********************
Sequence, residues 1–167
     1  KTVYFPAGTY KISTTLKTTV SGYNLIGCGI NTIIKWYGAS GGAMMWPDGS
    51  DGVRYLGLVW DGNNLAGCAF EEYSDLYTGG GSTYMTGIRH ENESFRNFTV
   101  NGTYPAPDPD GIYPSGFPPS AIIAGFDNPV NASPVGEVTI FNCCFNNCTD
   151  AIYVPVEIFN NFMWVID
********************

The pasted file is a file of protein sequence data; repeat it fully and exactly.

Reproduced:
Sequence, residues 1–167
     1  KTVYFPAGTY KISTTLKTTV SGYNLIGCGI NTIIKWYGAS GGAMMWPDGS
    51  DGVRYLGLVW DGNNLAGCAF EEYSDLYTGG GSTYMTGIRH ENESFRNFTV
   101  NGTYPAPDPD GIYPSGFPPS AIIAGFDNPV NASPVGEVTI FNCCFNNCTD
   151  AIYVPVEIFN NFMWVID